There is no one-size-fits-all approach for how to best scale sales organizations for private software companies, but there are benchmarks and proven approaches to scale cost-effectively.
A key ingredient for just about any company with a hot business-to-business product that needs to scale fast is to have salespeople who are engaged, productive and ready to deliver. To that end, sales leadership often draws upon a combination of instinct and experience to determine the quantity and types of jobs that need to be filled at various stages of the company’s growth. Finance and HR leadership may view this approach as somewhat ad hoc or even chaotic, with multiple requests for approvals of job requisitions and candidate offers. However, staying on top of this process should be a priority for any leader who is accountable for sales growth by ensuring the timely and cost-effective acquisition of sales talent.
This article references organizational sizing norms for privately-held SaaS companies, from early-stage to mid-sized, using data from the Radford Global Sales Survey and our Global Workforce Analytics platform. For this study, we evaluated sales headcount, spend and revenue statistics for 106 private software companies. We segmented these companies into two groups based on total employee count: early-stage and mid-sized. The table below provides baseline statistics for both groups.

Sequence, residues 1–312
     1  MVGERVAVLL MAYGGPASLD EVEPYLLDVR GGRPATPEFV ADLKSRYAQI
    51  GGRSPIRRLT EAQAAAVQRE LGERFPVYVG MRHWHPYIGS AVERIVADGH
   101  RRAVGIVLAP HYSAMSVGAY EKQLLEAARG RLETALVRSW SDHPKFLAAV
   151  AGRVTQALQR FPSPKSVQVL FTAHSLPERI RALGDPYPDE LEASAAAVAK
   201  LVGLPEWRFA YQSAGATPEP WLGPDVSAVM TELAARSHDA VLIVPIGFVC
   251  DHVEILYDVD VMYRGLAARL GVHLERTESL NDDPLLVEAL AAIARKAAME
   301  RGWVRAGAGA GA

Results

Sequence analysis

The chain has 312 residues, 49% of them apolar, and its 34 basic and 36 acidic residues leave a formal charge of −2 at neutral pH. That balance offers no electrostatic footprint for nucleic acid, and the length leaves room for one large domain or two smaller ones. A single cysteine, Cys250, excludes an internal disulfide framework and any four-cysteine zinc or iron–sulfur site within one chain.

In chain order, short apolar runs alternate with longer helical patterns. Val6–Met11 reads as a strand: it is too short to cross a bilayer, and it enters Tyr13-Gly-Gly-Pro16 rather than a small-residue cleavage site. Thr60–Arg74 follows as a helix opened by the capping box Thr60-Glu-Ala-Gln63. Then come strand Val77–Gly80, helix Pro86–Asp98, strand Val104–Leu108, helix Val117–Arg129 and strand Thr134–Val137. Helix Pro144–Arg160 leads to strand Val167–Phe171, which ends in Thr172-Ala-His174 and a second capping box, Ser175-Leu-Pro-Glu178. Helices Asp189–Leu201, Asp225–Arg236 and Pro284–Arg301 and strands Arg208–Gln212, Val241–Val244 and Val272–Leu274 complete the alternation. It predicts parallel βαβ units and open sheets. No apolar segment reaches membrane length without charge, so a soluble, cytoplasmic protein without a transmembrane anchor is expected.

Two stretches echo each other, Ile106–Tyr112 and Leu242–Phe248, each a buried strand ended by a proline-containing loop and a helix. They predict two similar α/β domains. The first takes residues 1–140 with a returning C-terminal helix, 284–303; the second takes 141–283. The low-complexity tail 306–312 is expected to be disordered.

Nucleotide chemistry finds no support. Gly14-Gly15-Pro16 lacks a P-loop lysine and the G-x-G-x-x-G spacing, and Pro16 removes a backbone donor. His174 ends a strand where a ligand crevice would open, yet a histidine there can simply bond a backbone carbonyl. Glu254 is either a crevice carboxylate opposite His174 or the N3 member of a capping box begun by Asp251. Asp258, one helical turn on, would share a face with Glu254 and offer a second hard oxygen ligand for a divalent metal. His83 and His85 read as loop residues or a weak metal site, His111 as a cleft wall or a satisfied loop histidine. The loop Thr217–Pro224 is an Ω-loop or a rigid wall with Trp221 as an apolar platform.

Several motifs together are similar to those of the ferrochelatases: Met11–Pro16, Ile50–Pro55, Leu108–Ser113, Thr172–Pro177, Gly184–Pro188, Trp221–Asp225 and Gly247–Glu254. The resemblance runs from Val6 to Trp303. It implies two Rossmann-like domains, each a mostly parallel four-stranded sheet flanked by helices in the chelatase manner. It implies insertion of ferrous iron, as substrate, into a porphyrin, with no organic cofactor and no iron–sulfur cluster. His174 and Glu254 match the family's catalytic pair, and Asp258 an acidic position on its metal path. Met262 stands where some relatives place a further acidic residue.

All 106 companies in this study use Radford’s global job architecture, which is our standard for profiling and valuing jobs used in the technology sector. The insights drawn from this research are also augmented by our decades of experience working with HR, finance and sales leaders in early, mid-stage and high growth technology firms as well outside industry research.
Sales Management Structure: Striking the Right Balance
The most common sales organization design questions from HR or finance relate to sales management span of control and the number of management layers common at this stage of growth. Sales leaders tend to first load up on management, based on the presumption that reps tend to follow their managers. This approach is hard to scale, and can lead to an inefficient and top-heavy structure — one with an inordinate number of managers for the number of reps.
Among early-stage companies in our sample, the average span is five and a half directs per manager, which is less efficient than the SaaStr guideline of 8:1. The reference to layers here pertains to management; most of the companies in our early-stage group use four layers, which includes three layers of management and one of individual contributors. From the data, there appears to be too many managers for the size of the salesforce.
Three factors suggest relative inefficiency of sales management structure: